“We should contrast Iran’s mature handling of the disaster with the shoot-down of Iran Air Flight 655 in 1988 by a US warship in the Persian Gulf. All 290 people on board were killed when USS Vincennes, a guided-missile cruiser, fired off a surface-to-air warhead at the aircraft, claiming it had been mistaken for an enemy warplane. However, the Americans never formally apologized for the deaths.
After years of wrangling, the US paid out over $60 million in compensation to Iran under a ruling in 1996 by the International Court of Justice. Even then, Washington did not accept liability. “I will never apologize,” said former President HW Bush.”
is an award-winning journalist. For over 25 years, he worked as a sub-editor and writer for The Mirror, Irish Times, Irish Independent and Britain’s Independent, among others.
Now, will other parties also show similar humility in admitting their role for creating precarious conditions where death seems an inevitable outcome? Specifically, can US President Donald Trump recognize that his administration’s policy of hellbent hostility towards Iran is driving up conflict and, ultimately, the loss of innocent lives?
The shoot-down of Flight 752 was a heartrending tragedy for countless families of several nationalities. Most of the dead were Iranians, which must add to the pain felt by that nation. But at least by owning up to the truth, the Iranian authorities have spared grieving victims from prolonged anguish of not knowing what happened.
The swift admission by Iran of its terrible error in shooting down the airliner – mistaken for an incoming enemy cruise missile – has taken critics of Iran by surprise. Two days after the plane came down, Western leaders and media were claiming it was an Iranian missile that caused it. Iranian aviation officials at first denied that, saying they believed it was a technical onboard problem, such as engine failure.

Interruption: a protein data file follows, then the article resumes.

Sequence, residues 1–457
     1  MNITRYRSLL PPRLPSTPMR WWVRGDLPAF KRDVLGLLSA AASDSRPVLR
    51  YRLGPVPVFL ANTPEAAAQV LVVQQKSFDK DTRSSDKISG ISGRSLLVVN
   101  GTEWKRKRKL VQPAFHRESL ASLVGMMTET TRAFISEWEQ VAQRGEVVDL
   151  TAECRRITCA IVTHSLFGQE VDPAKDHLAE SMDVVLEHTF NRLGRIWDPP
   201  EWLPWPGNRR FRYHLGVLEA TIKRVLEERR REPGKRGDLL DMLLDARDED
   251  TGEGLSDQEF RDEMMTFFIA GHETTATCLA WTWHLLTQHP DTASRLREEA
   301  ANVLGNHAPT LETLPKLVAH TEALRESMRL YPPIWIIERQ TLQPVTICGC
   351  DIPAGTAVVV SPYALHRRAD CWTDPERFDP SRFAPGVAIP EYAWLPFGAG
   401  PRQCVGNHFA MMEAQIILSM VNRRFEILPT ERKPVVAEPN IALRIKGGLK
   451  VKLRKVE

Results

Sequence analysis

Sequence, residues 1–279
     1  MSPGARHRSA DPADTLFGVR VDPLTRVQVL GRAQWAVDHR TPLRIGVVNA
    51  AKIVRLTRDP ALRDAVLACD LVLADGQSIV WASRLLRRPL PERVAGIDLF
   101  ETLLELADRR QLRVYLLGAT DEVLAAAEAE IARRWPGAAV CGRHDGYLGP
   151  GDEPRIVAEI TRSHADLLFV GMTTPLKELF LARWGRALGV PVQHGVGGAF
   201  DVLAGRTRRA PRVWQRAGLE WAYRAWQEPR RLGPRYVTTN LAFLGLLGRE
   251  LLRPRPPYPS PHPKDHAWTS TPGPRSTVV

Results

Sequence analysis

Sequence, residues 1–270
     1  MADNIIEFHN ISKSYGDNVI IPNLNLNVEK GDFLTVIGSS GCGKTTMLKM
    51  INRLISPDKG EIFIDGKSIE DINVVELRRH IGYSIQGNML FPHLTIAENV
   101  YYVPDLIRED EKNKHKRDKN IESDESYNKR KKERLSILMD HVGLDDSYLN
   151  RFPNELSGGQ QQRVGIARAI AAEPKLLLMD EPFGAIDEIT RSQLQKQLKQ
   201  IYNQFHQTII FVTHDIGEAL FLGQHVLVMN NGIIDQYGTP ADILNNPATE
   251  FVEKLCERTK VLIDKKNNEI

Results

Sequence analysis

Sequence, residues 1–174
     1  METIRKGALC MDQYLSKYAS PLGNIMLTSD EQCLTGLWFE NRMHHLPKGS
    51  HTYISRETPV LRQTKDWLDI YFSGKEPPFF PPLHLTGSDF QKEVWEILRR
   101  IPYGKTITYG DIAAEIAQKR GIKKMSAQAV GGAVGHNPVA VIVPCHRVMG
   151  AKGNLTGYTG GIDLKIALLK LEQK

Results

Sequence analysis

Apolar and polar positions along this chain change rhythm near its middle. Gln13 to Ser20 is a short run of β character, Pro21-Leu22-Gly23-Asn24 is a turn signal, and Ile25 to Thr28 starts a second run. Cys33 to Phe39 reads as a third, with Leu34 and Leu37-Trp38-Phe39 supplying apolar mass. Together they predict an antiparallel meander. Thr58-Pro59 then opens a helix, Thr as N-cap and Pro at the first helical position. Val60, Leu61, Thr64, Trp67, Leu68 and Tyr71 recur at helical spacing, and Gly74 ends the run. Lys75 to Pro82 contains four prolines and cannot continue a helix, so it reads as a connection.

Critics of Iran were saying that “the regime” would stonewall the truth and hide behind obfuscation about what happened. Initial Iranian denials weren’t malicious. It was probably more a case of not knowing what happened in a situation of confusion and calamity. When the Iranians put their hand up to acknowledge it was one of their air defense units which had fired the missile, it took integrity and humility to admit fault.
We should contrast Iran’s mature handling of the disaster with the shoot-down of Iran Air Flight 655 in 1988 by a US warship in the Persian Gulf. All 290 people on board were killed when USS Vincennes, a guided-missile cruiser, fired off a surface-to-air warhead at the aircraft, claiming it had been mistaken for an enemy warplane. However, the Americans never formally apologized for the deaths.
After years of wrangling, the US paid out over $60 million in compensation to Iran under a ruling in 1996 by the International Court of Justice. Even then, Washington did not accept liability. “I will never apologize,” said former President HW Bush.
There is also evidence that in the case of Flight 655, the captain of the USS Vincennes was reckless and aggressive in his behavior; and that the shoot-down was no accident. Captain William C Rogers and his crew were later awarded military medals of honor.
In the case of Flight 752 this week, the Iranians were on high alert for an expected American offensive following the missile attack only hours earlier by Iran on two US bases in Iraq. That attack was in revenge for the American drone assassination of Iran’s top military commander Major General Qassem Soleimani in Baghdad on January 3. The Iranians claim that following the missile attack on US bases, there were several reports among their air defense units of suspected incoming enemy planes. It was in this supercharged tension of pending war that the Iranians made the fatal error of hitting the airliner.